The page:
The results of this experiment showed the magnetic alternative to be adept for mapping lymphatic drainage in complex environments. Triangulating the location draining nodes with high precision before surgery was made possible by the high-resolution soft-tissue detail afforded by the 3.0T MRI. During surgery, the handheld probe was able to identify all draining nodes by way of detecting their magnetic ‘signature’. This final confirmation of draining nodes is analogous to the use of handheld gamma probes but has the distinct advantage of pin-point resolution, meaning nodes can be in very close (touching) proximity to each other and it is still possible to differentiate between the individual nodes’ magnetic signals. This spatial resolution is currently unmatched by any other probe technology commercially available and is key to the application of sentinel node mapping in complex cancers.

Photo of the high-resolution magnetometer probe developed by Dr Cousins

 

Results from this study are being used to design a world-first clinical trial applying magnetic tracers and a high-resolution probe to human patients with cancer of the oral cavity.

 

This story was contributed by SAHMRI. For further inquiries, please contact Mr Raj Perumal

Exploration of the deep foot muscles at ultra-high field

The arches of the human foot are unique structures that are important for functions like walking and running. The deep intrinsic muscles of the foot, such as the adductor halluces and interossei, are thought to play key roles in arch control; yet little is known about how they are controlled during functional tasks. The traditional measurement techniques can only provide information regarding muscle size, which is inadequate to evaluate the force-generating capacity of the muscles, assess the process of force generation by the muscles, and understand the involvement of the neural drive sent by the body to the muscles to regulate force production.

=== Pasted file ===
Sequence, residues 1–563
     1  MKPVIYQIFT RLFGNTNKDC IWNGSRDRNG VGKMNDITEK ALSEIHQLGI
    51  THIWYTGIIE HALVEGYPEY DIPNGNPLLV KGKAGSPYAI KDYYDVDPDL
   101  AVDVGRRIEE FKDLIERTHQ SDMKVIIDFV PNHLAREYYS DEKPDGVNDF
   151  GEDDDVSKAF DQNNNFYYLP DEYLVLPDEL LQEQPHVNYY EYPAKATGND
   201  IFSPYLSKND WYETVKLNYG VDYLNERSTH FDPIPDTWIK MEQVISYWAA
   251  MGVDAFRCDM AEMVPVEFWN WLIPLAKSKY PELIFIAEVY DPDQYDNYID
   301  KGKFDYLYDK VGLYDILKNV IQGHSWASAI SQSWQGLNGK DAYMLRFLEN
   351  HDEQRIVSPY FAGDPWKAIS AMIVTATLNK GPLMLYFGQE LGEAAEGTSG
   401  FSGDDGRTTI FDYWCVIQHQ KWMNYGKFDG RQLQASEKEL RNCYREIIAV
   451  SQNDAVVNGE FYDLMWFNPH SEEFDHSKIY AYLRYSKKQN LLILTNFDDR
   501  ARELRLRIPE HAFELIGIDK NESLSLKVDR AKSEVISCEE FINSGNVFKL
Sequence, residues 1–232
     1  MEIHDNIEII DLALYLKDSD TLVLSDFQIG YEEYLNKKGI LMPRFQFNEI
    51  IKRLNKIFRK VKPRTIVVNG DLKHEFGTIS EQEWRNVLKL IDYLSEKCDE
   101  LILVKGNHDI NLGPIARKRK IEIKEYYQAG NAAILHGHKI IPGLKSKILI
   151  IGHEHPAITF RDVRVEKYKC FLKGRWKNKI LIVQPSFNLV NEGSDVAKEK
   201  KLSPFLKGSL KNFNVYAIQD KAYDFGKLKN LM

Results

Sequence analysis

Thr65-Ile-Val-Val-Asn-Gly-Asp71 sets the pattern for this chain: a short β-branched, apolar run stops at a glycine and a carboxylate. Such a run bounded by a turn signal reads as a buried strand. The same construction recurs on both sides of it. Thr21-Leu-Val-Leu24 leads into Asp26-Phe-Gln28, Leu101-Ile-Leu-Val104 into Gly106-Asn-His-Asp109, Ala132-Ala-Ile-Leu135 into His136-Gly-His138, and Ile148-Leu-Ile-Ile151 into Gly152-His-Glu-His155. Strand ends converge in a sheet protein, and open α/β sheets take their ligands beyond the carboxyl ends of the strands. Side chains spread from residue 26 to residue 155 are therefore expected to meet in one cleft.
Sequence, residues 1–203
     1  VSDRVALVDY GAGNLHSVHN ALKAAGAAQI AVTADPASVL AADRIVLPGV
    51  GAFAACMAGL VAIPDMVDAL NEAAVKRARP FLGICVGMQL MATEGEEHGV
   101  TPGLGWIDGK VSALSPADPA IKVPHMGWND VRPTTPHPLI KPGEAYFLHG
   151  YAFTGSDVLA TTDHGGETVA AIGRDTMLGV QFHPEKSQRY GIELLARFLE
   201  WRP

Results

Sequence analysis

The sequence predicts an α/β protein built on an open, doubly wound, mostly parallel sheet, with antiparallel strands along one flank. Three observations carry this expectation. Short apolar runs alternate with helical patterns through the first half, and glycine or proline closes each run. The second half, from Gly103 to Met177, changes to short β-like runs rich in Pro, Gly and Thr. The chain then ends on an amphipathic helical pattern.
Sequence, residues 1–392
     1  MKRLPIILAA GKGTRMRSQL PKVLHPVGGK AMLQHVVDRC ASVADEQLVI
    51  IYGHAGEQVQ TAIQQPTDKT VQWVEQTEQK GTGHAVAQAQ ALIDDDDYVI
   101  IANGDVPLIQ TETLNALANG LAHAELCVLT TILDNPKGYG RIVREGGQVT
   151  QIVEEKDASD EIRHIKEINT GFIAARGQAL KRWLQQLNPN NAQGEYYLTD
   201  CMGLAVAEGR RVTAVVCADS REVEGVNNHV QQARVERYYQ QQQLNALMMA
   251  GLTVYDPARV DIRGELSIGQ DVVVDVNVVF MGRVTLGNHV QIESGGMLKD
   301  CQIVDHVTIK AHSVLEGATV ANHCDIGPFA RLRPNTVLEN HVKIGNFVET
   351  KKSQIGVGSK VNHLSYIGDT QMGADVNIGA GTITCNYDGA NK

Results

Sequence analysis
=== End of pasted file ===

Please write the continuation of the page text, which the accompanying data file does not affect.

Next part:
Using the 7T human MRI at the Centre for Advanced Imaging, a research study is currently investigating the muscle architecture of the adductor halluces and interossei. This research aims to quantify the force-generating capacities of these deep-foot muscles by measuring their MRI muscle volumes, estimate their force production by shear wave Elastography and measure their neural drive by using Electromyography.

black and white MRI images showing a cross-section of the foot with deep foot muscles outlined in colour

Deep foot muscles outlined in two cross-sections of a structural MRI scan obtained at ultra-high field: abductor halluces (green), abductor digiti minimi (pink), flexor digitorium brevis (magenta), quadrature plantae (cyan) and extensor digitorium brevis (yellow). With thanks to Dr Natalie Collins, University of Queensland

 

MRI images are obtained from male and female volunteers with no lower limb pain or injury. To date, structural MR images of deep foot muscles have been obtained using T1 VIBE 3D Transverse Oblique sequence and MRI muscle volumes have been measured. In future, diffusion tensor imaging will be performed to measure apparent diffusion coefficient and fractional anisotropy of the deep foot muscles.

 

This story was contributed by the University of Queensland, with acknowedgements to Dr Natalie Collins of the School of Health and Rehabilitation Sciences, Health and Behavioural Sciences, University of Queensland.

For further information, please contact Dr Tonima Ali.